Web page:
Baptist Health lung cancer trial showing improvement for Jacksonville resident
April 15, 2015 | Jacksonville, FL
After almost five months of chemotherapy and radiation, the news was not good for Ken Cooper. His lung cancer was growing and he was running out of options.
But his hematologist oncologist, Troy H. Guthrie, Jr., MD, had a new lung cancer research trial starting and Cooper was a perfect candidate. His cancer had spread from his lungs to his lymph nodes and right chest wall.
One of the first in the international immunotherapy cancer trial, Cooper of Jacksonville was ready to start the infusions of nivolumab, which has previously shown benefits in people with melanoma. Now five months later as the twice a month infusions continue at Baptist Oncology Specialists, Cooper’s cancer has shrunk more than half in size and is no longer metabolically active, according to Dr. Guthrie.
Based on early positive results of the trial at locations throughout the world, the U.S. Food and Drug Administration recently approved the use of nivolumab, also known as Opdivo, to treat patients with metastatic squamous non-small cell lung cancer with progression on or after platinum-based chemotherapy.
“This drug enables the body’s immune system to recognize the cancer as foreign and attacks it,” said Dr. Guthrie, who along with medical oncologist Robert A. Zaiden, MD, both with Baptist Oncology Specialists, is involved in the trial, the only location in Northeast Florida. “This is a major development. For a significant portion of patients, almost 40,000 a year, this might be a potential new drug.”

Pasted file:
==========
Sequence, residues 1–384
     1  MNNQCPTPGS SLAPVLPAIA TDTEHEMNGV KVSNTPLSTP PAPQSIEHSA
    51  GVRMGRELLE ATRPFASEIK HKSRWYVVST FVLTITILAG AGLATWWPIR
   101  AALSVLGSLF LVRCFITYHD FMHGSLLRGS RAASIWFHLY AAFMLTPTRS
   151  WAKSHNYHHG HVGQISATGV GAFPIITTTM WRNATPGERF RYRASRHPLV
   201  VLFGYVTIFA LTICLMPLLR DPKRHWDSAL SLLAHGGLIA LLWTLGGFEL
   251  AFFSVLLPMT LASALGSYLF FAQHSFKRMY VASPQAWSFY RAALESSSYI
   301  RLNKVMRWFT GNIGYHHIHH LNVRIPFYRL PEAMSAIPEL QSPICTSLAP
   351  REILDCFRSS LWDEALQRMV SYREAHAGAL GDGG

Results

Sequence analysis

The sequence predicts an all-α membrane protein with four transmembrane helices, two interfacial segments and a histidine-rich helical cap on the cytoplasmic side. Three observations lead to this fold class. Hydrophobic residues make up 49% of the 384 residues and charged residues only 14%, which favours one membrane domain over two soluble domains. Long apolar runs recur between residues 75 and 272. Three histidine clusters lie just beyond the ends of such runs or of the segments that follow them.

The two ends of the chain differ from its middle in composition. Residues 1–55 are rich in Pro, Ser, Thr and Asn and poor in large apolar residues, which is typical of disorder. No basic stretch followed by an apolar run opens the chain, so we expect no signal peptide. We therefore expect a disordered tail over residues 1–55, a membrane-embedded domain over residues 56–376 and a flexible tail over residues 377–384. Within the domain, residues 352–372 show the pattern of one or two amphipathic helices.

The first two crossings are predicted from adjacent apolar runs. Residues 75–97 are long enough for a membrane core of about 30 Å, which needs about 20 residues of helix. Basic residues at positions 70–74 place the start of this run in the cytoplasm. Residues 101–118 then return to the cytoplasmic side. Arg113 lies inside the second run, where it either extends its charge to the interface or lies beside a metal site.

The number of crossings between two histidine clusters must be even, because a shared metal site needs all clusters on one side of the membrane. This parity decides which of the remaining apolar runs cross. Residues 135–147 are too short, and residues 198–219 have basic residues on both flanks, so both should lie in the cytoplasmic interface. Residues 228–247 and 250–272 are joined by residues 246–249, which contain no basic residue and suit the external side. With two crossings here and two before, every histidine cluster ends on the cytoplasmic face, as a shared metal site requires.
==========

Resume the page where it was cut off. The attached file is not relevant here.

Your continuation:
Cooper, who has been involved in prison ministries for more than 25 years, believes faith and nivolumab are why he has seen positive results.
“It’s amazing really,” Cooper said. “I believe particularly with a disease like cancer that if you remain positive and expect to get well, your chances are much better than if you give up. I also believe in the body healing itself and wanted to see what this immunotherapy could do.”
Cooper, who is still involved in a housing ministry that provides rehabilitation for men who have been in prison, has remained active including ministering in prison every month. “God has more work for me to do. He’s using faith and this drug to empower me to do more,” Cooper said.
While this trial is closed for new participants, Baptist has other cancer trials, including for lung cancer, which are accepting patients. For more information, contact Baptist Oncology Specialists at 904.202.7300.